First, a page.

But I was disappointed to encounter a completely inaccessible kiosk in the heart of the Sydney (picture above) — a kiosk that runs contrary to a significant number of forward-thinking policies in my new favorite place to visit.
Sydney has a “smart city” strategy and a big commitment to a digital city that is “green, global, and connected” by 2030. And Sydney has a Disability Action Plan that gives the nod an inclusive digital strategy.
The state of New South Wales (NSW) has a Disability Inclusion Act that “makes it clear that people with disability have the same human rights as other people.” Australia has had a broad-scope Disability Discrimination Act since 1992 and has ratified the UN Convention on the Rights of Persons with Disabilities. [You can find other Australian digital accessibility policies in the International Post on this website.]
If these commitments do not translate into actual accessibility on the ground, disabled people are left out. Implementation of international, national, state, and local policies is a crucial step in digital inclusion for disabled people. Plain and simple, governments should not be procuring and/or installing anything that all members of the public cannot use.Back to top
Kiosks in Higher Education
In higher education, as in most other sectors, schools increasingly turn to kiosks to provide information, convenience, and services to students. Accessibility agreements in the legal space have been all encompassing when mandating accessibility and accessible procurement policies.
These agreements, both private and through the US Department of Education, include kiosks in the definition of electronic and information technology (EIT), and serve as a reminder that a system-wide policy is needed to avoid inaccessible purchases in the higher education setting.
I read many higher education policies on line about accessible technologies generally, web technologies specifically. I recommend putting kiosks into the specific category to avoid the purchase of any technology falling through the cracks!Back to top
Restaurant Kiosks: Blind People Eat Out (and Pay) Too
In January, 2018 the National Federation of the Blind announced a partnership with a major manufacturer of table-top tablets increasingly used in restaurants for ordering, payment and more. The partnership will “produce a text-to-speech capability for the PrestoPrime EMV System that will be incorporated into all current and future Presto tablets, including those used in Applebee’s Grill + Bar restaurants nationwide.” The settlement agreement outlining the details shares that the parties used Structured Negotiation to reach agreement. Download the settlement agreement from the case announcement.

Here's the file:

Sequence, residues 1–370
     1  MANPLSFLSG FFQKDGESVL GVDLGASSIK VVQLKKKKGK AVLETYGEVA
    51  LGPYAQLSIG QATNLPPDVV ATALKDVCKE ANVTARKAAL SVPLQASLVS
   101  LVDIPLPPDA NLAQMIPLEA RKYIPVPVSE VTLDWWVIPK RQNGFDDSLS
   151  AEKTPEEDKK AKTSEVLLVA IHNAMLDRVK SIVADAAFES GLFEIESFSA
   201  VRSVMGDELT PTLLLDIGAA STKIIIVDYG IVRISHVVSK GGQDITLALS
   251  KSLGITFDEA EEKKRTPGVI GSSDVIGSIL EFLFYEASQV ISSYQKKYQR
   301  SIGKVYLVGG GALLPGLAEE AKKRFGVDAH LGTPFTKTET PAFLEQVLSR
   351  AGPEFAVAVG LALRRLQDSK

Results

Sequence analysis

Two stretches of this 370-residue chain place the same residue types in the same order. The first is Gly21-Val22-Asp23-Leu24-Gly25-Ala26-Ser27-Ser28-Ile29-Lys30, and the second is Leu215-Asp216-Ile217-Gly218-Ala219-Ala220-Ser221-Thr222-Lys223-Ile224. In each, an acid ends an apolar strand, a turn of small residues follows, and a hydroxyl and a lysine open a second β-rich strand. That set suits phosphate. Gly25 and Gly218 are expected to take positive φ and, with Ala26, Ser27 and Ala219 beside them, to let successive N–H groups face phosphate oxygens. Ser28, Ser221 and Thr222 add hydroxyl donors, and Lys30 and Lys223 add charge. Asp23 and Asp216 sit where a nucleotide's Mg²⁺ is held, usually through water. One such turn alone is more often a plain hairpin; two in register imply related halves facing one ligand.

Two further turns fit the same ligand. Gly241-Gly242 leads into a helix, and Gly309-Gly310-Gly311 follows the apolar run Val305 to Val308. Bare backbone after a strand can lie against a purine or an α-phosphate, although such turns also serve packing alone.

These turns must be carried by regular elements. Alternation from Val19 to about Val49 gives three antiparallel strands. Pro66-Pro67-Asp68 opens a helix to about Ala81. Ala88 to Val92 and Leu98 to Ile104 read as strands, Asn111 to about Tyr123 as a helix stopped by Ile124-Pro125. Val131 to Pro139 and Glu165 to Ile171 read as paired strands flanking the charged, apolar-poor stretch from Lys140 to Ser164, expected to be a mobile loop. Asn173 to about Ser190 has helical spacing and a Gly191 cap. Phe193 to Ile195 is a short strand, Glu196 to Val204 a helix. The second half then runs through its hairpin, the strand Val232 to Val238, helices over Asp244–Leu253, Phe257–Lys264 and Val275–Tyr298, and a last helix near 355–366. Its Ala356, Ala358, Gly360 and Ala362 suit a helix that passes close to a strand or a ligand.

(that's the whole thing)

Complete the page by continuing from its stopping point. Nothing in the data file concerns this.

The new functionality will enable “blind persons to interact with the Presto System.”
Lawyers were involved, but the announcement was the result of collaboration among NFB, the San Francisco LightHouse for the Blind and Visually Impaired, and several blind people.
A similar agreement on accessible restaurant technology was reached with the Eatsa restaurant chain earlier in 2017.
Redbox Movie Kiosks
The basic right to shop independently without having to disclose confidential financial information or rely on sighted assistance has long been the subject of legal advocacy. This includes shopping via kiosks, as a 2014 settlement with Redbox movie kiosks demonstrates.
In August of that year Disability Rights Advocates and the San Francisco Lighthouse for the Blind announced a settlement with Redbox in which the company agreed to make all its movie rental kiosks in California accessible to people with disabilities. Read the Redbox accessibility press release.
The settlement also included a 1.2 million dollar fund to be used to compensate blind customers prevented from using Redbox kiosks due to lack of access. And the California settlement was followed by a national settlement that brought accessible talking kiosks to the rest of the country.
Talking ATMs: Accessible Financial Technology Still Needed Around the World
Talking ATMs have shown since 1999 that financial kiosks must — and can be — accessible. In the United States the Americans with Disabilities Act has long required that ATMs talk, and advocates made that law a reality with significant numbers of Structured Negotiations and some lawsuits in the late 1990’s and throughout the 2000s.
But financial technology is global, and accessibility must be global too. Last month came news of the first Talking ATMs in the United Arab Emirates. The machines spoke in Arabic and English, and the Braille was in two languages too.
But the devices were manufactured by Diebold – one of the early Talking ATM manufacturers in the United States. What took so long for Talking ATMs to get to the UAE?
That country ratified the UN Convention on the Rights of People with Disabilities in 2008. Accessible technology is embedded in the Convention. Manufacturers should not be shipping financial technology (#FinTech) without access. The UNCRPD must be implemented to ensure technology remains available to disabled people.
[Curious about the history of Talking ATMs? Visit the Talking ATM topic page on this website for more than 60 posts about this bedrock of accessible financial industry technology.Back to top
Accessible Airline Kiosks – Finally Coming
In October, 2017, the United States Department of Transportation announced a settlement with “Alaska Airlines/Virgin America and Spirit Airlines to expand greatly the availability of airport kiosks that will be accessible to individuals with disabilities.”
It’s ironic. In 2013 I wrote a post bemoaning the molasses-like regulations that gave airlines too much time to install accessible kiosks. Read “It’s hard to be Optimistic about the New DOT Web and Kiosk Regulations.” But even with all the time alotted them some airlines did not meet initial deadlines, and thus the DOT’s settlement announcement.
Accessible airline kiosks have been on the market for years. Disabled people travel. Let’s make accessible airline kiosks a reality everywhere.
Resources for Accessible Kiosks
Here are some resources for those seeking to advocate for and develop kiosks that can be used by everyone, including people with disabilities. Please use the Contact Page to send other resources.
- Trace Research and Development Center at the University of Maryland, developers of the EZ Access technology delivering accessible kiosk systems.
- Toward Unified Guidelines for Kiosk Accessibility, article by Jonathan Lazar, J. Jordan, Gregg Vanderheiden of the Trace Center
- JAWS Kiosk, an accessible kiosk offering from The Paciello Group
- TechforAll, an accessibility consultancy with a focus on kiosks